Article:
He says the only time he stepped in was when police and Europol were apparently on different wavelengths. They asked for his opinion on the way forward.
"I told them to follow Europol and involve the inquiring magistrate."
An attempted frame-up?
10.50am Muscat says if the mastermind is found guilty, then that’s wrong.
"But I’m not sorry that I was close to businessmen. I saved many jobs. If I did anything wrong then I’m sorry."
Turning back to 17 Black, he said he had told Keith Schembri to tell the authorities the entire truth.
He refers to his 2019 birthday party where Yorgen Fenech had been invited as a guest.
"I asked authorities, investigators what to do. They told me to act normally. With hindsight..."
I told MSS to indicate who he was. Melvin Theuma came along with family. Right after him came a young lady who told me, 'what are we going to do about Vince Muscat il-Koħħu (alleged hitman)? I’m his daughter' she told me. I immediately called security.
Muscat insists he never met Fenech at Castille except for formal events. He says the only person he met was (murder middleman) Melvin Theuma.
"It was a very interesting case. I used to meet people for Christmas greetings. MSS (Malta Security Services) had told me they had tracked Melvin Theuma's call saying he was going to book a place to take picture with me at Christmas greetings."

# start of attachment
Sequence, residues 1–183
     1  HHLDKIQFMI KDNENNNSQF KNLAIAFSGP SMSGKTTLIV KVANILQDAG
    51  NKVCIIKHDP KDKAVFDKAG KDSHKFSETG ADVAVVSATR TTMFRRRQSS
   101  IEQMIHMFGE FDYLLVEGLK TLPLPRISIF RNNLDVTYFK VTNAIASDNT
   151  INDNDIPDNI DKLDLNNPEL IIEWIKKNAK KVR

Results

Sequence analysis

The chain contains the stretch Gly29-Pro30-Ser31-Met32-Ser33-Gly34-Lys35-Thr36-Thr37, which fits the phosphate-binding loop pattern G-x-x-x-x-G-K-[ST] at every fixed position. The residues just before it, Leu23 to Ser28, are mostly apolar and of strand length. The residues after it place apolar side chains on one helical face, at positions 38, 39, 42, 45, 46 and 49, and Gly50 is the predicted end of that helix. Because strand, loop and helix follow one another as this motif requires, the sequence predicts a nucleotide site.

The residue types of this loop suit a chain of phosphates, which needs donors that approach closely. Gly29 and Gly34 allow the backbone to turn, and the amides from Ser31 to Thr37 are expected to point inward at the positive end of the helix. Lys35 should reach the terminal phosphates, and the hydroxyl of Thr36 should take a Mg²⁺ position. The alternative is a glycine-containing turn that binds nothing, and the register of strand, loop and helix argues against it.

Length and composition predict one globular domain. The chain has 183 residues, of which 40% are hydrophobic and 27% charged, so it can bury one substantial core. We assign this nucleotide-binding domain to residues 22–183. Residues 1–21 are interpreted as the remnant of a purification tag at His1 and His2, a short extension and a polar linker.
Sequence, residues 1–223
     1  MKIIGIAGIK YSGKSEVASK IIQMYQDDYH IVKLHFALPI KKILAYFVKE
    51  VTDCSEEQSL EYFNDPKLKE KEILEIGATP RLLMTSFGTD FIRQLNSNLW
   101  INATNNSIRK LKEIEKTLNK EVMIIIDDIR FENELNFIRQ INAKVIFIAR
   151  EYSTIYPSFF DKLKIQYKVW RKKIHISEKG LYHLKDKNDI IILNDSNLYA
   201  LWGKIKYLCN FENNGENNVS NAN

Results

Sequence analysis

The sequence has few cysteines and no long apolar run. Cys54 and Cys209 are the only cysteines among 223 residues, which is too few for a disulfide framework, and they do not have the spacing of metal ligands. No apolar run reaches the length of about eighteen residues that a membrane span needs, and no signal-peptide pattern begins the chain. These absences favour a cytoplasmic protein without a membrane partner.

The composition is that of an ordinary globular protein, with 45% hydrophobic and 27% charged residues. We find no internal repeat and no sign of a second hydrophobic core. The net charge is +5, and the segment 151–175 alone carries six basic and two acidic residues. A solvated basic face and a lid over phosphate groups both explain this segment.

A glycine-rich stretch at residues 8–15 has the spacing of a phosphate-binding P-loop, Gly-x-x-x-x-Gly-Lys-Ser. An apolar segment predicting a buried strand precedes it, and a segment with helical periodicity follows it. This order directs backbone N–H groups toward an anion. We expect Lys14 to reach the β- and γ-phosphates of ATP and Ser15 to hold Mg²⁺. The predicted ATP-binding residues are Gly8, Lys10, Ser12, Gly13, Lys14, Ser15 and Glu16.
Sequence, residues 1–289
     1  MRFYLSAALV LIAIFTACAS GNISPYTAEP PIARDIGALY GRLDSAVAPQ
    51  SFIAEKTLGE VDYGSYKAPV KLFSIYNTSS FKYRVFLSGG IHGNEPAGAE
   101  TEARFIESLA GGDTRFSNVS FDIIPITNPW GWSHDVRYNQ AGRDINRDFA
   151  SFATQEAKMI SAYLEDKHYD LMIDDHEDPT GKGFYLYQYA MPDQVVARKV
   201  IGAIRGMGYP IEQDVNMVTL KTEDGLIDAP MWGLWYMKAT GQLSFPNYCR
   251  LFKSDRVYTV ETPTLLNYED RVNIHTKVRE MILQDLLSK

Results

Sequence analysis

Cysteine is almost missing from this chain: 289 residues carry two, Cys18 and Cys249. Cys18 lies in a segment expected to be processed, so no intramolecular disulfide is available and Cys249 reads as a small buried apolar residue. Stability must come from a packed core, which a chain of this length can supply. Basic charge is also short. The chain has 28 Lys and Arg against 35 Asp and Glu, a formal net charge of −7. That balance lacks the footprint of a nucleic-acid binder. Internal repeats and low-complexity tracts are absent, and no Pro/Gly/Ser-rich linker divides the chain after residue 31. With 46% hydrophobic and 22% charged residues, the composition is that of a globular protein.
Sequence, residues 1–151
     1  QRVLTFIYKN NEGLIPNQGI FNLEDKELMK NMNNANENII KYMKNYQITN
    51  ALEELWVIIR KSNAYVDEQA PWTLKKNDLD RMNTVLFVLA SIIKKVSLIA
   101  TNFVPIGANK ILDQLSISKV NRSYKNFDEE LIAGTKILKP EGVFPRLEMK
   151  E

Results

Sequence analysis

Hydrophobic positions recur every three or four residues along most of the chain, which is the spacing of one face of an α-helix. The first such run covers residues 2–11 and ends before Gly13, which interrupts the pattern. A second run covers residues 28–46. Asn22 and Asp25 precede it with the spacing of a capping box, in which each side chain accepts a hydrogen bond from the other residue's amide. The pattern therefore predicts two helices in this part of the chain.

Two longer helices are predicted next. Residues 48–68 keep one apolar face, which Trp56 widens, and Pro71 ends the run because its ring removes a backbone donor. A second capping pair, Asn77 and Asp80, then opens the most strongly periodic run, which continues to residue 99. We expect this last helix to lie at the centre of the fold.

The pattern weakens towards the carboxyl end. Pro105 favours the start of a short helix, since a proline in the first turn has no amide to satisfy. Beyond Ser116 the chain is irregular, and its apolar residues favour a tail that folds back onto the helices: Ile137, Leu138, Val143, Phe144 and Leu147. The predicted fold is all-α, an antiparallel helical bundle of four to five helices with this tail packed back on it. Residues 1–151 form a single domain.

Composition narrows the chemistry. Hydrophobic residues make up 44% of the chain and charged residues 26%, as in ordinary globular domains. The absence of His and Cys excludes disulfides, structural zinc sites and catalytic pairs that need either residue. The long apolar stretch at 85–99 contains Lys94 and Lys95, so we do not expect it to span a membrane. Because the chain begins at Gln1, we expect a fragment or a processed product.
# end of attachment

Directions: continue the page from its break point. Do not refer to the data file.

"I told MSS to indicate who he was. Melvin Theuma came along with his family. Right after him came a young lady who told me, 'what are we going to do about Vince Muscat il-Koħħu (alleged hitman)? I’m his daughter' she told me. I immediately called security.
"I'm not sure if there was some attempted frame-up."
Throwback to 1998
10.42am The questioning turns to secret company 17 Black, owned by suspect Yorgen Fenech.
"Businessmen got too close to politicians, powers of government. That too led to a sense of impunity," the judge says.
Muscat replies: "Every government must be close to business. Otherwise nothing is done. Economy does not move. The real economy, jobs were our number one priority."